Protests in DC, across
press for immigrant rights
Next actions demanding legalization
set for May 1
Tens of thousands rally in Washington, D.C., April 10, to press for legalization of undocumented workers in midst of debate in Congress over immigration “reform.” Recent polls indicate growing support for immigrant rights struggle, a key question for unity of working class.
BY GLOVA SCOTT
AND PAUL PEDERSON
WASHINGTON, D.C. — Tens of thousands filled the West Lawn of the U.S. Capitol here April 10 to demand legalization for some 11 million undocumented workers in the U.S.
The protest, whose central theme was “Now is the Time” for citizenship, took place as Democratic and Republican senators are preparing to introduce bipartisan immigration “reform” legislation.
A Wall Street Journal/NBC News poll conducted a few days before found that nearly two-thirds of those surveyed say they support giving citizenship to undocumented workers who have a job.
The demonstration here was hosted by Casa de Maryland, a social service group for immigrants, and Service Employees International Union 32BJ. Organizers say 300 buses organized by labor, church and immigrant rights groups brought participants from the East Coast, South and Midwest.
While overwhelmingly composed of workers from Mexico and Central America, contingents of Asian and African immigrants were also prominent at the rally, as were union contingents that included U.S.-born Caucasian and African-American workers from SEIU, Laborers International Union, Communications Workers of America, United Food and Commercial Workers, United Auto Workers and others.
Scores of demonstrations took place across the country in conjunction with the D.C., action. Immigrant rights actions are planned around the country for May 1, international workers day.
Immigrant workers ‘deserve rights’
“They deserve rights as workers,” Gabriel Terronez, president of United Auto Workers Local 434 and a worker at the John Deere plant in Moline, Ill., told the Militant. Terronez was part of a UAW contingent that arrived in two buses from Chicago.
“They deported my husband to Mexico seven months ago after he was stopped in his car by the police,” said Enid Herrera from Riverdale, Md.
“We want to go to school to have a good job and we can’t because we have no papers,” said Fanta Toure, from Jersey City, N.J., who was born in the Ivory Coast.
“I came here when I was 15 years old and I’ve been undocumented for eight years now,” said Jung Rae Jang, a student at New York’s Hunter College.
The rally date was chosen to commemorate massive protests that took place April 10, 2006, in more than 70 cities in opposition to the Sensenbrenner bill, passed by the House of Representatives, which sought to brand all undocumented workers as felons. On May 1, 2006, some 2 million people across the country joined protests, giving these actions the character of a nationwide political strike. Not only did the Sensenbrenner bill go down to defeat, but the fight for immigrant rights won broader sympathy among working people.
Speakers at the Washington action included NAACP President Benjamin Jealous, who gave the keynote talk; Casa de Maryland Executive Director Gustavo Torres; SEIU President Mary Kay Henry; former farmworker leader Dolores Huerta; Rep. Luis Gutierrez from Chicago; and Sen. Robert Menendez, a member of the so-called gang of eight — four Democratic and four Republican senators who are preparing the immigration bill.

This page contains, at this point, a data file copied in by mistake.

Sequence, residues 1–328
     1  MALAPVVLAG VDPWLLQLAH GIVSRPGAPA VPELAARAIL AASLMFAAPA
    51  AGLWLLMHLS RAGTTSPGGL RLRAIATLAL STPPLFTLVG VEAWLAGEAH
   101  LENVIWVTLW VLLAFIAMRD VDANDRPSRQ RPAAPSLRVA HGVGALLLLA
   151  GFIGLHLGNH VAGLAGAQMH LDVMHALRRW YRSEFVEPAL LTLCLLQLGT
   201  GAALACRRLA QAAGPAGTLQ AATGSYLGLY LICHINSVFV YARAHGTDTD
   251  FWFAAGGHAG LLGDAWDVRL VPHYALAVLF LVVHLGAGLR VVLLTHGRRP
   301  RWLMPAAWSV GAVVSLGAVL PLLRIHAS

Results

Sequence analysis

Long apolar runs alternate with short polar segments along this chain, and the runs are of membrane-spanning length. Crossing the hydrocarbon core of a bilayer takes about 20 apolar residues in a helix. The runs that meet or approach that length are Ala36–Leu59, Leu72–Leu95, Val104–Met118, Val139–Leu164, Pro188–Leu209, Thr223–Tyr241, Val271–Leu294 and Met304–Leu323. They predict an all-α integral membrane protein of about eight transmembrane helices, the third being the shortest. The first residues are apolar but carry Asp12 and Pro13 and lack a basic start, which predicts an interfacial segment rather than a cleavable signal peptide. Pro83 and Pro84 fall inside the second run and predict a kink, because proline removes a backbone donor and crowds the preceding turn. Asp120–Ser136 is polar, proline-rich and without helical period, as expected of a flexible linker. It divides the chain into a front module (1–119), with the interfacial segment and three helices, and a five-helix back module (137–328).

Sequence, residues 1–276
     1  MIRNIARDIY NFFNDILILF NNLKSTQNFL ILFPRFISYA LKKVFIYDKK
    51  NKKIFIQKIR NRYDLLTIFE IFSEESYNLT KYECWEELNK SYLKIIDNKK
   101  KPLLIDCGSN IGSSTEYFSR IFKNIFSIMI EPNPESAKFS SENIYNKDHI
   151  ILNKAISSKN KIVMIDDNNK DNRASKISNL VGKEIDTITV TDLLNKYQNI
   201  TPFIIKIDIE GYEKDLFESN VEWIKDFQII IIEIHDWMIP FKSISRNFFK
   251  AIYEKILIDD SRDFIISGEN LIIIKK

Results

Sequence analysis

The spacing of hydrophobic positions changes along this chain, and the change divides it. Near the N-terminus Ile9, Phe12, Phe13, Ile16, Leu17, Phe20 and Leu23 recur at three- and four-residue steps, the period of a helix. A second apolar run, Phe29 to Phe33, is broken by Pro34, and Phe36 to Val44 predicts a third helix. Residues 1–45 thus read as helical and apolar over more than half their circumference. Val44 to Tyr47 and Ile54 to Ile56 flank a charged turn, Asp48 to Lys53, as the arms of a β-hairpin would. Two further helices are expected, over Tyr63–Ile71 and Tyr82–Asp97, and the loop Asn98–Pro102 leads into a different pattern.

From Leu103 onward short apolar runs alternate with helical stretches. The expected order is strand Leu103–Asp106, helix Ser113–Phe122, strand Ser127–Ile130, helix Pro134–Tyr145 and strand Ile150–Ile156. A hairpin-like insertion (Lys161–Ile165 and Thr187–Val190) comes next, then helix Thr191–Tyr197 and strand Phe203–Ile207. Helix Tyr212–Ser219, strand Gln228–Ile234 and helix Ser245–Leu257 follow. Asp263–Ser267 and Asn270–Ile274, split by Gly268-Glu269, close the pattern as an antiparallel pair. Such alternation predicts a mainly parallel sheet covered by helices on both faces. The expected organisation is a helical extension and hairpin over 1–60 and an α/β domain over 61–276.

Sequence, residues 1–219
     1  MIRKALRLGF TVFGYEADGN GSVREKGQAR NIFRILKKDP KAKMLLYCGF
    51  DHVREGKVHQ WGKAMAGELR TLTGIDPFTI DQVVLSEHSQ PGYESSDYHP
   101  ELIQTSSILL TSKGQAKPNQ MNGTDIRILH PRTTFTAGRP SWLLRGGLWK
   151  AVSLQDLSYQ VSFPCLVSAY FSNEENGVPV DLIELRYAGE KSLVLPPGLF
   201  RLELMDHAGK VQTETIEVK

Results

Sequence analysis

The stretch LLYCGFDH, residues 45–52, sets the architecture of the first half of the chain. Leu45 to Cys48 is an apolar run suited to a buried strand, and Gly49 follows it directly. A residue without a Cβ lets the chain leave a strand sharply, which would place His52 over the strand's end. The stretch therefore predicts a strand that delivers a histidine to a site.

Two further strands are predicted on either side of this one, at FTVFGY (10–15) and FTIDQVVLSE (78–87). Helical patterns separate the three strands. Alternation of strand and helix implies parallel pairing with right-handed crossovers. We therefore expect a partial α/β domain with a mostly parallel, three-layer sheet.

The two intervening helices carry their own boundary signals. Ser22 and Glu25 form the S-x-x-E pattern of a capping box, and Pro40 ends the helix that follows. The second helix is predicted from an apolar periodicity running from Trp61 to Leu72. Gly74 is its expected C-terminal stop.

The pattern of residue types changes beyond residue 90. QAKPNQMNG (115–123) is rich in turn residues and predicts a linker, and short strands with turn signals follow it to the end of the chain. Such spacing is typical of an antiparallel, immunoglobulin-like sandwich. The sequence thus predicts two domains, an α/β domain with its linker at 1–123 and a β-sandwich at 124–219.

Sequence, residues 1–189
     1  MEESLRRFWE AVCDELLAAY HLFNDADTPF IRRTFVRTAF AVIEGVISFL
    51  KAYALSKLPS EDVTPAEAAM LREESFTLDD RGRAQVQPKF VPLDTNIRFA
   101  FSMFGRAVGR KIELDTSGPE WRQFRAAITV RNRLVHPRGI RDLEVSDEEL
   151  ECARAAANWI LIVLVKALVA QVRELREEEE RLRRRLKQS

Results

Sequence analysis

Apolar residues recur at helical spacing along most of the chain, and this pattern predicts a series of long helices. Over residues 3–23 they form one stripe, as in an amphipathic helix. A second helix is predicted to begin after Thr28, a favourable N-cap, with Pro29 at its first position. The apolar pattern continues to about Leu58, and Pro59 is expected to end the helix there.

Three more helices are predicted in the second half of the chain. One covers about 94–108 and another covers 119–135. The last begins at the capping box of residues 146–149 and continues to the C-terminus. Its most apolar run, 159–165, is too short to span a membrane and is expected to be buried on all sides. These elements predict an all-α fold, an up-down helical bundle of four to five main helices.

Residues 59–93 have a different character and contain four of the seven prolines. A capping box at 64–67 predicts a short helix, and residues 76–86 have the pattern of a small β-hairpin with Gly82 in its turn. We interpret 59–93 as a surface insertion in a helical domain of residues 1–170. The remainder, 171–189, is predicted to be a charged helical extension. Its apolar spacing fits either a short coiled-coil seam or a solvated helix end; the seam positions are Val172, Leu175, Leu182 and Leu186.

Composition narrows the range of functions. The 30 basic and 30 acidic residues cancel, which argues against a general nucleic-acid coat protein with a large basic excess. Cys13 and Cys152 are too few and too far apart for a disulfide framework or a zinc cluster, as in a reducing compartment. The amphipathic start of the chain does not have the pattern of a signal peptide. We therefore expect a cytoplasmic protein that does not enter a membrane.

There must be “a full pathway to citizenship,” Jealous told the crowd.
“It is in the nation’s interests, it is in the economic interests, it is in the security interests of the United States to have a comprehensive immigration reform,” Menendez said, where the undocumented can “earn their citizenship.”
The gang of eight’s bill would include a “road to citizenship” for those who arrived in the U.S. before 2012, prove they have a job, pay back taxes and substantial fines, learn English and pass criminal background checks. Those who qualify would receive temporary work status, but could not apply for permanent residency for at least 10 years, or until the government certifies that border control is 90 percent effective.
President Barack Obama’s proposals are similar, except that he says that the border is already secure.
Bill would expand ‘guest workers’
At the same time their proposal includes tightened border enforcement and making use of the E-Verify system mandatory nationwide — an Internet database that allows bosses to check on the immigration status of employees. To ensure that bosses still have access to superexploitable workers with fewer rights, the bill includes an expanded “guest worker” program for construction, meatpacking, hotels and other so-called unskilled trades.
Gutierrez criticized high numbers of deportations and other attacks on immigrant workers under Obama, while praising the administration’s “deferred action” program that granted a stay of deportation for hundreds of thousands of young people. Like most other speakers on the platform, Gutierrez spoke favorably about “reform” proposals being prepared in Congress, but didn’t address anything specific about them.
Many at the demonstrations were critical of the proposed legislation.
“Some people say you should wait in line. There should be no restrictions and it should be done as quickly and easily as possible,” Jon Melegrito, co-chair of national Filipinos for Family Reunification in Maryland, told the Militant.
“I’m sure there are parts of this reform that will need to be reformed,” said Eric Lopez, whose parents immigrated to the D.C. area from Guatemala.
Waiting 10 years to qualify for permanent residency “is not the kind of reform we want,” Juan Bocanegra, spokesperson for El Comite Pro-Reforma Migratoria, told a rally of nearly 100 in downtown Seattle the same day.
Edwin Fruit in Seattle and Deborah Liatos in N.Y. contributed to this article.
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